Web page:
7
Feb

The Geopolitics of Sochi

Written on February 7, 2014 by Waya Quiviger in Europe, International Conflict, Terrorism & Security, Op Ed

sochiThe founder of the International Olympic Committee, Pierre de Courbetin, had a vision that athletic competitions would attenuate geopolitical ones. Sport, he believed, could cut across cultures and thereby foster amity in the international realm. Accordingly, he worked for the revival of the athletic competitions of the ancient Greeks: the Olympic Games. To popularize the modern version of those games and build an intercontinental following, he championed the rotation of the games among different national hosts every four years. Today, as de Courbetin might have wished, the Olympic movement is a truly global phenomenon. Nations around the world strive to burnish their reputations through participating in the games, winning medals at them, and, above all, by hosting the games. When holding the games on its soil, a country takes the world stage to showcase itself.

Yet de Courbetin’s vision has been realized only partway. While the Olympic Games do generate goodwill and international good-feeling, they also occasionally aggravate international tensions by serving as a platform upon which countries play out rivalries and indulge their vanity, reveal their insecurities, and expose their grudges, as the 1936, 1972, 1980, and 1984 games illustrate. The Frenchman’s aspirations notwithstanding, the games sometimes exacerbate rather than ameliorate animosity.

The 2014 Winter Olympics, too, may well deepen international acrimony, and do so to the detriment of United States foreign policy. The 22nd Winter Games will take place next month in the picturesque port of Sochi.  A resort town on the Black Sea blessed with a subtropical climate and the presence of alpine mountains just thirty-seven miles outside the city, Sochi would seem a superb location for a winter sporting event. In addition, the games have the express and enthusiastic backing of the host country’s head of state. Read more…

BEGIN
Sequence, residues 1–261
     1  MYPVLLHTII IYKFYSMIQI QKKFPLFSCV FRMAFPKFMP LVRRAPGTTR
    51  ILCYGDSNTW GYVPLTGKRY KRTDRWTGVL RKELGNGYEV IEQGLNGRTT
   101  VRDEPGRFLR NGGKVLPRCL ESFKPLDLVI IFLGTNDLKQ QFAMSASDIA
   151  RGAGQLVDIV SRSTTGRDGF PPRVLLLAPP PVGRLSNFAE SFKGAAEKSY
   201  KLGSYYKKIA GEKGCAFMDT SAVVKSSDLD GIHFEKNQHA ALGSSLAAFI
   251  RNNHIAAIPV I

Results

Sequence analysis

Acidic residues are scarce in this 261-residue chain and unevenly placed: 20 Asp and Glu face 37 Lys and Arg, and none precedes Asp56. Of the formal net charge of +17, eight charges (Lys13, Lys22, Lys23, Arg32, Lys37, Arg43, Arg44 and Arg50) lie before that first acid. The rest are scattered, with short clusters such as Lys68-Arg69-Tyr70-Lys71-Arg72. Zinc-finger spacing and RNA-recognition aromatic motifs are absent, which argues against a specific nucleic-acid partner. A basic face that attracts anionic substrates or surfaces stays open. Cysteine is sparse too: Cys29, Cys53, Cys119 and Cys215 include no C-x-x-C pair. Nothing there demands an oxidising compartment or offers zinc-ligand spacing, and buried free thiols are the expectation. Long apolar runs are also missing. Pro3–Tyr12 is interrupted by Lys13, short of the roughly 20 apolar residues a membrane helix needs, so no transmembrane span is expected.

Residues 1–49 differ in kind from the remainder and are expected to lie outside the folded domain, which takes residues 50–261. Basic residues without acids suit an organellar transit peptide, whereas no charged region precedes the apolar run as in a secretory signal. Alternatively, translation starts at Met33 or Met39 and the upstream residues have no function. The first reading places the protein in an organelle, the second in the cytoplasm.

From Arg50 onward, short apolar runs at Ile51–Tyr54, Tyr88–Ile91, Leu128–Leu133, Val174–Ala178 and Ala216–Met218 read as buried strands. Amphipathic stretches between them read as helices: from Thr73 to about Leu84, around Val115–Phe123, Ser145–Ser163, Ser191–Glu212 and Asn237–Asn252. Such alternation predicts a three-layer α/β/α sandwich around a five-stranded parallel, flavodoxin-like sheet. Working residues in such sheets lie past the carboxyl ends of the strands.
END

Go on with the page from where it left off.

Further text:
Michael A. Reynolds, a Senior Fellow of the Foreign Policy Research Institute, is an Associate Professor in Princeton’s Department of Near Eastern Studies, where he teaches courses on modern Middle Eastern and Eurasian history, comparative empire, military and ethnic conflict, and secularism.

Originally published by the Foreign Policy Research Institute.

6
Feb

MANILA — President Benigno S. Aquino III called on Tuesday for nations around the world to do more to support the Philippines in resisting China’s assertive claims to the seas near his country, drawing a comparison to the West’s failure to support Czechoslovakia against Hitler’s demands for Czech land in 1938.